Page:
Jan. 23, 2019
The traditional tiered lecture hall: graduated seats and static furniture, all positioned toward the front of the room while a professor shares knowledge with a class of eager scholars. The image evokes a feeling of the classic collegiate experience. While the standard layout may serve its function for lecture-based courses, the learning process is evolving and with it, so is the need for more flexible classroom designs.
Taryn Williams, project manager of interior design at Northern Arizona University, with other units in the planning, design and construction department, saw this need and sought to expand the norm by creating a space for students and teachers that supports different types of instruction, learning and student needs.
“We are exploring new designs for future classrooms on campus,” Williams said. “We want students to be engaged, to feel they have choice, to promote well-being by offering movement and comfort, to foster collaboration and increase the feeling of community.”
With this in mind, Steve Vedral, interim associate vice president of facility services, had the idea to invite different furniture vendors to showcase their creativity and research on what makes the best learning environment. Six vendors came with designs featuring furniture that can be reconfigured for different teaching styles and needs.
To test this type of furniture in classroom layouts, room 200 of Cline Library underwent construction; concrete tiers were demolished and replaced with new, flexible-layout furniture. Four room configurations were installed over winter break, each from a different vendor and with the details and finishes chosen by the NAU team. The furniture is intended to provide the best of both worlds when it comes to classroom needs.
“All of these rooms can be set up for lecture style as well as group work. This caters to the idea of the ‘flipped’ classroom: the ability to do the hands-on group learning in the classroom,” Williams said. “Research also shows us that students have different ways they like to learn and different comfort needs. With the variety of seating we aim to better meet those needs. We hope that the less formal feeling of the classrooms encourages sharing and participation when appropriate.”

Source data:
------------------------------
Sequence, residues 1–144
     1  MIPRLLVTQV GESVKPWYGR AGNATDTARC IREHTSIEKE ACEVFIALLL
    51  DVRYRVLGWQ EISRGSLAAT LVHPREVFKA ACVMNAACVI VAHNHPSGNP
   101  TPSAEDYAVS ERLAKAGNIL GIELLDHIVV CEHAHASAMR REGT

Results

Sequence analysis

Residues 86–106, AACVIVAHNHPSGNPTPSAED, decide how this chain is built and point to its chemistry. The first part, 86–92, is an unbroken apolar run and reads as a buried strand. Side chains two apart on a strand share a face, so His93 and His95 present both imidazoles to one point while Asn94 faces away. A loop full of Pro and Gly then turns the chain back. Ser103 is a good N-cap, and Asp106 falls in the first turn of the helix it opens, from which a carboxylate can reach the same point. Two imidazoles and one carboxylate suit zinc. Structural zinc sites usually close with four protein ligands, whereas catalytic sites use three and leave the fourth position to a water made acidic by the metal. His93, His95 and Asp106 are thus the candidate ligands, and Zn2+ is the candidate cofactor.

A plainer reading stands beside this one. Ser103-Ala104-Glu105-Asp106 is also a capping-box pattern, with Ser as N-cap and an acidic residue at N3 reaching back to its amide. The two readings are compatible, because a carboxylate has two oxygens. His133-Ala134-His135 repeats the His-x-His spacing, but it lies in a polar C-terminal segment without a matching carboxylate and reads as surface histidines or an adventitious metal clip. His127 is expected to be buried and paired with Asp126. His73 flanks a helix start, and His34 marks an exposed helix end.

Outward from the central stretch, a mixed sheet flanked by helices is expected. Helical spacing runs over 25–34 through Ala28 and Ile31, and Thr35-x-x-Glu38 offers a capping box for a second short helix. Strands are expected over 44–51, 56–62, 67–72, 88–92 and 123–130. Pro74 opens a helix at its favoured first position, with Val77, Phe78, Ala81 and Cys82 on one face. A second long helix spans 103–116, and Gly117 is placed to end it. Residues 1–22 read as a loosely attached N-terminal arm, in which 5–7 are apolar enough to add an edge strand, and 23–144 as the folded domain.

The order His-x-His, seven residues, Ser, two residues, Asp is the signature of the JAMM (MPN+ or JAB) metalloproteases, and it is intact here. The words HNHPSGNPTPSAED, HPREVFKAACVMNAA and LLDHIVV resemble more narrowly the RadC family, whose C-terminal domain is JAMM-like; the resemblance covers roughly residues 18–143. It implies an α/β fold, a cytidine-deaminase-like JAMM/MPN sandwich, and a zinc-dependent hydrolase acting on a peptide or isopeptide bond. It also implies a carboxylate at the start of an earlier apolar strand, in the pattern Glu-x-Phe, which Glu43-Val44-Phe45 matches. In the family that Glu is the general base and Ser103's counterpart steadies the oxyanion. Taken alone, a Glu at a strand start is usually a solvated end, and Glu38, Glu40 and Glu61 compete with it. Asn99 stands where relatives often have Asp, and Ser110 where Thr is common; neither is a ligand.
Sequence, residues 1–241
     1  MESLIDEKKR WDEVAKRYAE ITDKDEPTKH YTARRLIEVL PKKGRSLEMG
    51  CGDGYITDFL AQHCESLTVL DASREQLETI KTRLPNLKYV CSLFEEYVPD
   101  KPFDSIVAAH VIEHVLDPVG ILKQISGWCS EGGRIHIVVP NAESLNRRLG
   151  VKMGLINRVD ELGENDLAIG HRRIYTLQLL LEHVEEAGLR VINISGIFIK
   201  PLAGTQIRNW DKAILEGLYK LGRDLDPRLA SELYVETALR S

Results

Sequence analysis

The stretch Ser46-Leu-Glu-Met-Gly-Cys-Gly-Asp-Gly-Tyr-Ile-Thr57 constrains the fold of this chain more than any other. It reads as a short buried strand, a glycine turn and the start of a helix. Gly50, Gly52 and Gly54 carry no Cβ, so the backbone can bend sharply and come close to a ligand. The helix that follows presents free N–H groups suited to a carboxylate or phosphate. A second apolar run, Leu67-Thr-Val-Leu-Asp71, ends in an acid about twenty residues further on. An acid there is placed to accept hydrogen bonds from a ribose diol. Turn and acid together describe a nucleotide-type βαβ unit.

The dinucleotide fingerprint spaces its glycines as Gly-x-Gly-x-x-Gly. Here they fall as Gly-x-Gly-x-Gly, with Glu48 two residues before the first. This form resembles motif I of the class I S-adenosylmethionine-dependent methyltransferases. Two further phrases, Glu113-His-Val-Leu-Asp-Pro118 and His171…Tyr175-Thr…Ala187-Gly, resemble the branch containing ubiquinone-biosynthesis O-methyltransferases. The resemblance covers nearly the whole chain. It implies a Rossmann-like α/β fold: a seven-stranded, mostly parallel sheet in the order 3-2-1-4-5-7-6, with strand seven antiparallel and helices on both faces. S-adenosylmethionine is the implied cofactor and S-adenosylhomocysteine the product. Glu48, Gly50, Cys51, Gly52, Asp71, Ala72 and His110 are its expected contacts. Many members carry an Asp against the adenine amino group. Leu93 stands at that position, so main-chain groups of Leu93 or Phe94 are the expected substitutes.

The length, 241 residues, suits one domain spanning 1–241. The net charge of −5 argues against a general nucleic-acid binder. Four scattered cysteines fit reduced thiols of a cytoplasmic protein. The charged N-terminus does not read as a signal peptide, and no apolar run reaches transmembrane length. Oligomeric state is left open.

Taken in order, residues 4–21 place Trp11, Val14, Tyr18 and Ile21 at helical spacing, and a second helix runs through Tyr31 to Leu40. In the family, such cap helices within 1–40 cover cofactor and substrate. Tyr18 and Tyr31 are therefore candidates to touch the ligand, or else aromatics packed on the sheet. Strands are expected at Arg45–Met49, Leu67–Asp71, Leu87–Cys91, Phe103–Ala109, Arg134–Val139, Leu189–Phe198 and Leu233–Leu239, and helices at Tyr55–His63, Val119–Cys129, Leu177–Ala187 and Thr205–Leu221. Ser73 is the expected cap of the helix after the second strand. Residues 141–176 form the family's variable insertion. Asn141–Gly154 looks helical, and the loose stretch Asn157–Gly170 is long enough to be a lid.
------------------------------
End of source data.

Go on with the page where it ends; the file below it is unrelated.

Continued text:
Staff and students who had class in the trial room have responded positively. Students reacted favorably to the new types of seating and feel of the updated layout. Williams said all feedback is helpful and the team hopes to receive more as the Lumberjack community continues to try out the space. The trial room can be booked by faculty for one or two sessions by contacting library supervisor Greg McLean at 928-523-6828.
On the list of classrooms and student spaces that need renovation, the ones that will be redesigned with the new furniture depends on how they rank in utilization and general appearance as well as the needs of the space. With continued positive feedback, Williams said some spaces in North Campus would be good candidates to start.
“We want to demonstrate a commitment to learning, cater to different sensory input needs and support a fun learning environment,” Williams said. “We know that change can be uncomfortable, but we want to offer the best learning and teaching environments and we believe this is an opportunity to do that.”